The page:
Public services card enforcement notice to be appealed

Department will contest Data Protection Commissioner’s decision in court

Minister for Public Expenditure Paschal Donohoe: hearing is likely to be the first in a series of battles over the future of the public services card. Photograph: Eric Luke

Minister for Public Expenditure Paschal Donohoe: hearing is likely to be the first in a series of battles over the future of the public services card. Photograph: Eric Luke

 

The Department of Social Protection has appealed against an enforcement notice handed down by the Data Protection Commissioner on the controversial public services card project.

A spokeswoman for the department confirmed it had appealed the enforcement order, which sought to give legal weight to the commission’s landmark finding that data held on 3.2 million cardholders should be deleted, and that aspects of how the card was rolled out were unlawful.

“The department can confirm that it filed an appeal against the enforcement notice within the time frame provided to do so. As the matter is now before the courts, it would be inappropriate to make any further comment,” she said.

A spokesman for the commission confirmed it had been notified of the appeal but said commissioner Helen Dixon had no further comment at this time.

The appeal will be heard in the Circuit Court, with the case likely to be first mentioned in early March. However, it could drag on for several weeks before arriving at a verdict. Even then, it is unlikely to draw a line under the saga.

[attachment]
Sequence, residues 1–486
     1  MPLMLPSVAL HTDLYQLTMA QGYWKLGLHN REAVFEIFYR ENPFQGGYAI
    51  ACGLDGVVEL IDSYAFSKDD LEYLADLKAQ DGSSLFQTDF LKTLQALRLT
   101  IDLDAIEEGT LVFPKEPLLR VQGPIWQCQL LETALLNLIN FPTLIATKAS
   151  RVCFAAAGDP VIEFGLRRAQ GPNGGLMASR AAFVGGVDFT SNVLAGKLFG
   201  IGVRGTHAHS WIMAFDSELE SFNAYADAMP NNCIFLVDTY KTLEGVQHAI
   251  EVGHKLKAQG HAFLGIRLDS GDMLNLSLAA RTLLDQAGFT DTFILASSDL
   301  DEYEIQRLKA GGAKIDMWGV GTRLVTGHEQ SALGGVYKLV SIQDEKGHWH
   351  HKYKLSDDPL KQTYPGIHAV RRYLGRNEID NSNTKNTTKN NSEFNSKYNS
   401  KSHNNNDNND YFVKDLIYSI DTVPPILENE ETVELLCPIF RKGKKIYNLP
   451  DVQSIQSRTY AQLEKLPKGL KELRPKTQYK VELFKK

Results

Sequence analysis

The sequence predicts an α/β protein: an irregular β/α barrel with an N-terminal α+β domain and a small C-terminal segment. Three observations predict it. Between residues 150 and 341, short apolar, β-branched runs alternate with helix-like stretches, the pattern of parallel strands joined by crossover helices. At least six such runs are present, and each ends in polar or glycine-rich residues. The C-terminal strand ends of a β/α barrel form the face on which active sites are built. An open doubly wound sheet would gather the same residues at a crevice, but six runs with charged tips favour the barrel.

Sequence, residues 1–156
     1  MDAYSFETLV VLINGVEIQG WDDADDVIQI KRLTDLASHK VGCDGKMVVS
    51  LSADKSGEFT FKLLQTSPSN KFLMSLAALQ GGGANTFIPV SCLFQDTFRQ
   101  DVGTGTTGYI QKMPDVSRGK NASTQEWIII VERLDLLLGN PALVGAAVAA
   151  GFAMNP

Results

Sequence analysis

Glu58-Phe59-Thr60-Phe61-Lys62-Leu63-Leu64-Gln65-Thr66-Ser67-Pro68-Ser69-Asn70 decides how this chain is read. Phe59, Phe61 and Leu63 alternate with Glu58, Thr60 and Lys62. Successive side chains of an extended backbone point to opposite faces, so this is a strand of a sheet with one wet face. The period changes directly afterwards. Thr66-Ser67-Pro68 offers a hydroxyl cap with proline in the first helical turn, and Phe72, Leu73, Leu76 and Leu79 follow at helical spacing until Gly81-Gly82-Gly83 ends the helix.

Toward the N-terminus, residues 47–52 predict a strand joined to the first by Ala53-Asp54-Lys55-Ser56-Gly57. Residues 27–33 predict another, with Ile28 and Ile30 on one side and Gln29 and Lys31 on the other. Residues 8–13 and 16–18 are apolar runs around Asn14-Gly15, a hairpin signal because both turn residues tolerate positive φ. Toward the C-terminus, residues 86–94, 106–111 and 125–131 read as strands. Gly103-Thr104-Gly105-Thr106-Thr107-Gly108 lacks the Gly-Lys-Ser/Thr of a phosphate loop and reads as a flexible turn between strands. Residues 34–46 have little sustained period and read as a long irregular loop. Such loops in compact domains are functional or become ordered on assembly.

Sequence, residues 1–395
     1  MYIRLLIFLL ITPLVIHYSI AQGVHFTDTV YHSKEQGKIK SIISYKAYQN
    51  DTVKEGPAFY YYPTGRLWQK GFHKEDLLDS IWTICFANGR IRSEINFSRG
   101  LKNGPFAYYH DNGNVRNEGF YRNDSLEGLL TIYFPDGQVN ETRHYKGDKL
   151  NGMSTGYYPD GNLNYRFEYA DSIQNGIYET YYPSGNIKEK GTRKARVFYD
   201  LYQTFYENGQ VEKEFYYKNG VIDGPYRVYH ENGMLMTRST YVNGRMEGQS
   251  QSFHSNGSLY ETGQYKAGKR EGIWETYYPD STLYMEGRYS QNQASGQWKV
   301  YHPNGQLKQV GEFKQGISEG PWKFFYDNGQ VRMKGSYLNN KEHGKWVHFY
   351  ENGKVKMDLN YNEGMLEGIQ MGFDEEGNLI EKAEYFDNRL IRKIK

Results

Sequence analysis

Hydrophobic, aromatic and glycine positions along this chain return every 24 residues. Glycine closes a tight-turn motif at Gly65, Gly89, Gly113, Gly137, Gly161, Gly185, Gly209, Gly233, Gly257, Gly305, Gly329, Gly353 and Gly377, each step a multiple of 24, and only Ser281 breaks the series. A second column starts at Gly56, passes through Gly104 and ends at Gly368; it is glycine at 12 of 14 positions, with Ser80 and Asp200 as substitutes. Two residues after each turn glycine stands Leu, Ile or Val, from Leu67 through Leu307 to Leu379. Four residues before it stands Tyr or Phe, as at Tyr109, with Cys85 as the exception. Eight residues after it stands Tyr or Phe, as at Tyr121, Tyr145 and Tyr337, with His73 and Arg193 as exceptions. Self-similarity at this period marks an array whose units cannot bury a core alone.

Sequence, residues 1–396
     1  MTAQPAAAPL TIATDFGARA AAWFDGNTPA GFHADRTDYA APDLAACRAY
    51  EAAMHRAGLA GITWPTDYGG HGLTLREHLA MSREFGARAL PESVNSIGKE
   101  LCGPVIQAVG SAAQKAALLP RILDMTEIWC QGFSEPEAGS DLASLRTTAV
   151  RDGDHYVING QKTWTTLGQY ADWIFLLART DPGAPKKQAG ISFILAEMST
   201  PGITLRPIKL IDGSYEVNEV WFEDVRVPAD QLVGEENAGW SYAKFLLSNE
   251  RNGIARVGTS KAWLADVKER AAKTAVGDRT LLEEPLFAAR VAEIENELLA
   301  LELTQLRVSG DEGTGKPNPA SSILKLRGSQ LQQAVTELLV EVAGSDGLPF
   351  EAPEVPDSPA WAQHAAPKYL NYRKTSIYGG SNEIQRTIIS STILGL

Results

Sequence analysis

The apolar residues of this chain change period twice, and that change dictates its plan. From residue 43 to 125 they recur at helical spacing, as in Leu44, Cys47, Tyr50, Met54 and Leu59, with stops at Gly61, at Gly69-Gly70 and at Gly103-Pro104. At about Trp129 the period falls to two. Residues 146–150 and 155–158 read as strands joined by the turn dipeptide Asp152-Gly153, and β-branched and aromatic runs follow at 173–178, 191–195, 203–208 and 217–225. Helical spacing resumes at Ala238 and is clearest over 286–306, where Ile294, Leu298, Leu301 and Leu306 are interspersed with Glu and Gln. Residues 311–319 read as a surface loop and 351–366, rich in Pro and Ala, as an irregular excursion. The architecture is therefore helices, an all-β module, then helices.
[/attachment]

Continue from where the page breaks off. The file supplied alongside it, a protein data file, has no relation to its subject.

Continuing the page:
Cost of €68m

The hearing is more likely to be the first in a series of courtroom battles over the future of the public services card project, with neither the department or the commission expected to back down. Appeals by losing parties to higher courts are thought likely.

The cost of the card project had risen to nearly €68 million by July of 2019, according to information provided to the Dáil’s Public Accounts Committee.

The commissioner’s enforcement notice sought to compel the department to make changes on several fronts, including the deletion of data and to stop processing applications for cards from bodies outside the department that are seeking to enrol people in the project.

Legal basis

One of the key findings by the commission in its August report was that there was no legal basis for departments other than social protection to mandate service users to register for the card.

It also strongly criticised the transparency of the project, and demanded that wide-ranging changes be made to how it was being run.

The department, however, has rejected the commissioner’s findings, insisting it has “strong” legal advice that its operation of the card project is lawful, and that the commissioner’s interpretation of legislation underpinning the card is incorrect.

In a letter to Ms Dixon in September, secretary-general of the department John McKeon suggested her office may not have “a clear understanding of the import of its own findings” on a key issue, and said the report had several “internal inconsistencies”.